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MOVIE REVIEW: Iza Calzado shows depth and versatility in Buhay Habangbuhay

by Maridol Ranoa-Bismark
Mar 22, 2016

So you think this indie film is all about the afterlife?

You're right. Except that it's not about a bright light that greets the dearly departed at the end of a long tunnel. It's not as Holy Week-ish as you'd think it is.

It's not as heavy as the title, with its visions of angels and clouds, suggests. In fact, Buhay Habangbuhay, which is part of the 2016 Cine Filipino Film Festival, has touches of comedy, along with drama and a generous dose of romance.

Sandy (Iza Calzado) doesn't realize her young life is over (she met her bloody end in the conjugal home's kitchen). So she goes about her wifely duties as if nothing's changed. She gets out of bed before her husband Joel (Jake Makapagal). She prepares the table for breakfast, cooks his first meal for the day. Then, she lovingly calls him to come on down, breakfast is ready.

It seems to be a regular day in the life of a married couple. But the husband buries his nose in the morning papers and walks past her as if she doesn't exist.

He's right. She no longer exists. He buried her after the ambulance fetched her that fateful day, never to physically return to the conjugal home.

UNFINISHED BUSINESS. Or so he thinks. Sandy still has unfinished business. So her spirit lingers. She watches over her husband like the proverbial hawk--while he's eating, taking a shower, brushing his teeth. Problem is, she can't follow her husband beyond the front street of their conjugal home. So she's left in the dark about his life in the outside world.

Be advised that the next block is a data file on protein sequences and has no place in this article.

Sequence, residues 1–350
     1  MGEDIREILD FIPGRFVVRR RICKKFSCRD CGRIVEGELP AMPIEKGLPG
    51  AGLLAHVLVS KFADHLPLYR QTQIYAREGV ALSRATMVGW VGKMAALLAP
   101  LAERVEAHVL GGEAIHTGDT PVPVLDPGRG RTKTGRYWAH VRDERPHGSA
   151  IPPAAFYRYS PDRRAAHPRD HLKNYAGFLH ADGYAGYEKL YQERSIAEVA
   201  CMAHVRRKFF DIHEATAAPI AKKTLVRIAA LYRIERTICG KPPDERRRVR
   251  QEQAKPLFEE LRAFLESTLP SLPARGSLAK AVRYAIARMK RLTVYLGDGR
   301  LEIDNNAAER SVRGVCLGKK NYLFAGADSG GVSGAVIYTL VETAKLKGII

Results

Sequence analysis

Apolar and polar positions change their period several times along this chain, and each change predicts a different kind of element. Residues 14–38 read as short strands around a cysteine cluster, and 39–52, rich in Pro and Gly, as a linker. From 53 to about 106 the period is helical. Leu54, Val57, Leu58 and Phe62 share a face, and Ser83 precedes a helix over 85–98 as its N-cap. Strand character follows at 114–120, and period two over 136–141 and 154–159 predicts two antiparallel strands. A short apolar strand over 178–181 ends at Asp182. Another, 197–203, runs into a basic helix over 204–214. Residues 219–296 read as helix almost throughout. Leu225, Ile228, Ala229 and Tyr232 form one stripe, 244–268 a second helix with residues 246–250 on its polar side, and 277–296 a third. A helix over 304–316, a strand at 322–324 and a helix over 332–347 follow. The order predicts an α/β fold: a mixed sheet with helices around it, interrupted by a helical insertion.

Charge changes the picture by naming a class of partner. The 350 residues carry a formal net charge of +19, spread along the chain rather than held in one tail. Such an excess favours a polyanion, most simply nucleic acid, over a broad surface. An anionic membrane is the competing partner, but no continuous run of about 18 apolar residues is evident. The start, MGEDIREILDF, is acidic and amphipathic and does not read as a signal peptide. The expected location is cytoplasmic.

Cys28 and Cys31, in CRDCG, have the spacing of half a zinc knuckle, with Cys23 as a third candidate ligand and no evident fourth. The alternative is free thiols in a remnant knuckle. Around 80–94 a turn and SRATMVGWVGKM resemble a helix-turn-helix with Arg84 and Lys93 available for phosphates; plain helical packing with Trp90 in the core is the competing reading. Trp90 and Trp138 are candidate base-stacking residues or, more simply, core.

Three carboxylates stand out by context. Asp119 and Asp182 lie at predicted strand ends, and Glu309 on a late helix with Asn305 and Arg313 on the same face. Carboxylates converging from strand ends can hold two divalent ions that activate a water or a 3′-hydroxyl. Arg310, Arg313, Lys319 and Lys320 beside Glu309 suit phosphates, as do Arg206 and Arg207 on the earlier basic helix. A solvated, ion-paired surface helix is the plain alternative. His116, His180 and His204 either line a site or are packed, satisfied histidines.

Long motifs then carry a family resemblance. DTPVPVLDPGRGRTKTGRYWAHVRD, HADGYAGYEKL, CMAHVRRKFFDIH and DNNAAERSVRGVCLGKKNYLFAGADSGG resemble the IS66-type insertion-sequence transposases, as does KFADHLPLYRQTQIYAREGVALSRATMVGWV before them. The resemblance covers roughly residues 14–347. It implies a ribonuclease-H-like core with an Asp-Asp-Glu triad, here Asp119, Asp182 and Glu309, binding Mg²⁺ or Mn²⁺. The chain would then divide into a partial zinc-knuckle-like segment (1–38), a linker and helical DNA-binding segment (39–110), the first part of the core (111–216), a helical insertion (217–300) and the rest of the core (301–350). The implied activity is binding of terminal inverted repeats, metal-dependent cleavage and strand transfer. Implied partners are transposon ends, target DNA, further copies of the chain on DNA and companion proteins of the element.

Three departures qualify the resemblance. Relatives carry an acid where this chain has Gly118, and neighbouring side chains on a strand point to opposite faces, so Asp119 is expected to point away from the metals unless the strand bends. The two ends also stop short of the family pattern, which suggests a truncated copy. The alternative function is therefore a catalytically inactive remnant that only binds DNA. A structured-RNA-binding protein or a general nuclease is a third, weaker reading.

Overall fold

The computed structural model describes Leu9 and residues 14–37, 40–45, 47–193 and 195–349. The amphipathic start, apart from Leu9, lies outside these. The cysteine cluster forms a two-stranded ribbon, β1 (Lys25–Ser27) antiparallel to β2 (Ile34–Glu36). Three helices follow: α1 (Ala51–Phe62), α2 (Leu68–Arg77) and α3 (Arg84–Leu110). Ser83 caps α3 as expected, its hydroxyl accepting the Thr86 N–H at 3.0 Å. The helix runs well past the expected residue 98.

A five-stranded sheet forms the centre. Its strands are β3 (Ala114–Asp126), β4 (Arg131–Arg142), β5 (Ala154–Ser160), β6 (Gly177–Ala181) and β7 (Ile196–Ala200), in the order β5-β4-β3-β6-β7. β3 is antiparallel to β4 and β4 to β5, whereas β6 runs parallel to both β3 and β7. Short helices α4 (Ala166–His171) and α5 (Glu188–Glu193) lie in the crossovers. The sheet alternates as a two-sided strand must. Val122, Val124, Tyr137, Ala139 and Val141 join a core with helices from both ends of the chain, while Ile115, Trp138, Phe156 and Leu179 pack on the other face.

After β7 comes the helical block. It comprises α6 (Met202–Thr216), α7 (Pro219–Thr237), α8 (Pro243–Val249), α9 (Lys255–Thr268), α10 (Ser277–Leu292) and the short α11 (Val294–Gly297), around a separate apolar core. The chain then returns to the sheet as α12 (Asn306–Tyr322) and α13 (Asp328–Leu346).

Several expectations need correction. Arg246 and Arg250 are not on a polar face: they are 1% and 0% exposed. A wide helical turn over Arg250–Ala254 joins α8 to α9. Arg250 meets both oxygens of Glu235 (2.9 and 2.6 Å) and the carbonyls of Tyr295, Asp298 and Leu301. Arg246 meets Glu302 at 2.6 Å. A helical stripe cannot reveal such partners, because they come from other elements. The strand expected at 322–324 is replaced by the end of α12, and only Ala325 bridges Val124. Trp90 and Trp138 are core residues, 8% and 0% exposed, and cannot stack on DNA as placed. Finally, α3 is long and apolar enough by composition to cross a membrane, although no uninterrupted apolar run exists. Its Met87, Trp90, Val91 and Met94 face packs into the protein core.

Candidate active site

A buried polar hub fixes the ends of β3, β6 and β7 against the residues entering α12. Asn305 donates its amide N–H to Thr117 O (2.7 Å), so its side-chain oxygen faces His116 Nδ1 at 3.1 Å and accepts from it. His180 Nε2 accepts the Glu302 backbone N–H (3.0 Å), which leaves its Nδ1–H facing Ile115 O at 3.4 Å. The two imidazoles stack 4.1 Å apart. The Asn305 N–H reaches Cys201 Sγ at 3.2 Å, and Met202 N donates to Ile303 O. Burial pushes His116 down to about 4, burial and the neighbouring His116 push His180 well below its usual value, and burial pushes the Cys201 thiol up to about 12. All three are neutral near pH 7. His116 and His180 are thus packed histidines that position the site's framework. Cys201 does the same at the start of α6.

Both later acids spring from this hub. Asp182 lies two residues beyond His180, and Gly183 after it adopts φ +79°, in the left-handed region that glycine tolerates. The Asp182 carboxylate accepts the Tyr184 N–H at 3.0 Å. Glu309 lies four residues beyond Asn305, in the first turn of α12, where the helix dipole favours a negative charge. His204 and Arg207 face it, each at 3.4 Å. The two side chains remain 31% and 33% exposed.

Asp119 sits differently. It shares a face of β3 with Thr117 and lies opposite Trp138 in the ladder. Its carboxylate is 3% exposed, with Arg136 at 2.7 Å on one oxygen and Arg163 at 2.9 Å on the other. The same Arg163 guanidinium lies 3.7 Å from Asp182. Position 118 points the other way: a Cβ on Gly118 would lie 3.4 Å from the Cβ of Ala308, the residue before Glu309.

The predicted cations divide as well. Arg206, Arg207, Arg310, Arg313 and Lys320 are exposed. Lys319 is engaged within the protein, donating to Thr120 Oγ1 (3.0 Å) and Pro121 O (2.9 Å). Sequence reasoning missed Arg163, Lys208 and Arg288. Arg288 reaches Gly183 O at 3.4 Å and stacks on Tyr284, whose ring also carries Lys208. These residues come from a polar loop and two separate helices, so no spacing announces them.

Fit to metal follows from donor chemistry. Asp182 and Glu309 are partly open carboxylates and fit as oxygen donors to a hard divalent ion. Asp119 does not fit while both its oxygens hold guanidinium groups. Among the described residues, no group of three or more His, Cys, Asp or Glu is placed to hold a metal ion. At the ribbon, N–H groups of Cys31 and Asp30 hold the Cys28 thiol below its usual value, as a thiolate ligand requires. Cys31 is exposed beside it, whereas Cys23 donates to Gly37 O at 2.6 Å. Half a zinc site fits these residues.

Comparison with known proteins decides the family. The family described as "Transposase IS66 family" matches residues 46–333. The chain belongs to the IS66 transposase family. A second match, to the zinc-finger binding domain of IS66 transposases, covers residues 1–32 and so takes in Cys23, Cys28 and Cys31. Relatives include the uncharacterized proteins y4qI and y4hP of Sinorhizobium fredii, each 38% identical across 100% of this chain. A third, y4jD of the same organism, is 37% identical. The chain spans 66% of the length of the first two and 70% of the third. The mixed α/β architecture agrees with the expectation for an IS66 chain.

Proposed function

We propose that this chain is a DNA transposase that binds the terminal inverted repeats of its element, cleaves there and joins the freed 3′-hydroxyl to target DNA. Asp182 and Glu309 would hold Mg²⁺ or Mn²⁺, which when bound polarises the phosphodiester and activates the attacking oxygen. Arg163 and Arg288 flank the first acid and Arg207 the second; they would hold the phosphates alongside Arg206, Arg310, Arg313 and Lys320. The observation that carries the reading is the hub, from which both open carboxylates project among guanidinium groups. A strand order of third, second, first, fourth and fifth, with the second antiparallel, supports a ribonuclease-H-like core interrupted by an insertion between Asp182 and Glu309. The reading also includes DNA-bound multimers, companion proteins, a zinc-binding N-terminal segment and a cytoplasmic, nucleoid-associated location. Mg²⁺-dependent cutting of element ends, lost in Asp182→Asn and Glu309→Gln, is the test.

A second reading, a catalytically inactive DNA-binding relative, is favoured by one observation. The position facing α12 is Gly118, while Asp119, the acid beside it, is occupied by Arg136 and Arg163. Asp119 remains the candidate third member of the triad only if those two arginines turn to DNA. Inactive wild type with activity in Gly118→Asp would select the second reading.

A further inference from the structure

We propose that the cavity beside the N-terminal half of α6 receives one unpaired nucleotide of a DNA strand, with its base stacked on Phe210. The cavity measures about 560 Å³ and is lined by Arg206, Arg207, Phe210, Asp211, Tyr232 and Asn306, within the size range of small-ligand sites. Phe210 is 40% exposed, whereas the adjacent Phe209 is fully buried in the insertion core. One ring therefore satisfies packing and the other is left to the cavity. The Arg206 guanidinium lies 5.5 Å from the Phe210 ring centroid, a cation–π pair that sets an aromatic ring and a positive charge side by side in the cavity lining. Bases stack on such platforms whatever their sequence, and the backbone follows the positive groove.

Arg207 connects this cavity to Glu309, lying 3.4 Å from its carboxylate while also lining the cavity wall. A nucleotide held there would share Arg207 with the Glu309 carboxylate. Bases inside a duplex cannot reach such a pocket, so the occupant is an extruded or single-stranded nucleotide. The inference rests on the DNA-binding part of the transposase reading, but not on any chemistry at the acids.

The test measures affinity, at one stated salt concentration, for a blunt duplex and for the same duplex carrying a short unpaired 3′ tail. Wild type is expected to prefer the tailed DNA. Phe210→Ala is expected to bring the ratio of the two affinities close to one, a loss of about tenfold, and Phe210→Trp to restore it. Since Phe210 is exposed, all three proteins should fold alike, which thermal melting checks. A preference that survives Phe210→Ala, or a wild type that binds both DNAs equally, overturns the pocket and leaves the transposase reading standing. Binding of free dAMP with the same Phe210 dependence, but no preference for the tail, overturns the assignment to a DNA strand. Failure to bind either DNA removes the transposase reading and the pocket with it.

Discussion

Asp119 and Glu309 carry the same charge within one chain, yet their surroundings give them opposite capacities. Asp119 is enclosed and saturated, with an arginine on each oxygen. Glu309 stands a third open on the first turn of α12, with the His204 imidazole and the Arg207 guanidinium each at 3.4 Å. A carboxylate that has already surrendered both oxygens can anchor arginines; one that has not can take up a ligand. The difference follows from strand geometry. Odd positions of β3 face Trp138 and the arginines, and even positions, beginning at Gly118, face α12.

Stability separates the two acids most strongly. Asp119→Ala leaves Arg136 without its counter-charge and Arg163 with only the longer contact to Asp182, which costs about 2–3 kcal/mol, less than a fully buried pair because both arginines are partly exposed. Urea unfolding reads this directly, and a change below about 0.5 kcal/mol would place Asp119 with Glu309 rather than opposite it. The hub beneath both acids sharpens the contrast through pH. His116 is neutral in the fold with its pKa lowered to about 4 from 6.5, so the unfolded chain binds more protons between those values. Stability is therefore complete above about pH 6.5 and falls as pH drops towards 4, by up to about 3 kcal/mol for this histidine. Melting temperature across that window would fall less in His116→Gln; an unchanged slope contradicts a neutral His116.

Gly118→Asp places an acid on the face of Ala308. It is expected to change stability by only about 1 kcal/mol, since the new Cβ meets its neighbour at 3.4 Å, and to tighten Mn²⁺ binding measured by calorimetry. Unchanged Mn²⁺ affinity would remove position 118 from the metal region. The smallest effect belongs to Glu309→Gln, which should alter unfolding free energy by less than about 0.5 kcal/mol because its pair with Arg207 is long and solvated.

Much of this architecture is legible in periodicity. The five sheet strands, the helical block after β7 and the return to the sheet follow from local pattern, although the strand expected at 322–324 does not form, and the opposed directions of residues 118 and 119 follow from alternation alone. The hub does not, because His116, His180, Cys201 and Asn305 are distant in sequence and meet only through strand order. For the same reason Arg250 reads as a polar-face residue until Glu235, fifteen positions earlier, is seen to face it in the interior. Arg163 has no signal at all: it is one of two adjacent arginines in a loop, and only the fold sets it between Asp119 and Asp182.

Dear hubby moves on with his life, but she doesn't. She sees him bringing home a female stranger who takes her place. But Sandy can't do anything about it.

Until something unexpected happens to Joel. He dies in Sandy's embrace. You're convinced Sandy will finally move on to where she belongs. Not quite. She takes on a new unfinished business, while her gay spirit-friend accompanies her on her journey.

It's a journey full of laughter, thanks to Sandy's spirit-friend whose weakness for muscular men remains as boundless as can be. It's also a journey replete with love and realizations.

Sandy--with Joel's help -- realizes how much she has emptied her love tank for others, she ends up holding the short end of the stick.

But she goes on, and discovers many good things along the way.

Iza's acting, as usual, shows depth and versatility. She cries one moment, bursts into laughter the next. She doesn't skip a bit.

The color of Iza's knee-length dress prepares the viewer for a change of mood in scene after scene. White, as usually, stands for the good. Black is a warning that something ominous is brewing.

The more important thing about the movie is its message about loving, helping others and being good. It shows that these virtues do not cease at the end of life. It shows that some things are not limited by boundaries of space and time.

EXPLANATIONS, PLEASE. The movie is far from perfect, of course. Some scenes beg for explanations.

How did Joel catch the ailment that caused his death, changed everybody's life, and made the plot thicken?

How was Sandy finally able to venture away from the conjugal home to visit Joel's funeral, among other places?

Some characters--like those from the afterlife--merely served as curious additions, not essential elements of the story.

And then, they look more like glum monks, with matching billowing smoke for cinematic effect, than spirits.

But if you need some reprieve after the passing of a loved one--this one's for you. It will make you feel better. You might even find yourself chuckling, thanks to the movie's light scenes.

Not bad for a less-than-two-hour movie about living, dying, and moving on.

Ed's Note: The "PEP Review" section carries the views of individual reviewers, and does not necessarily reflect the views of the PEP editorial staff.

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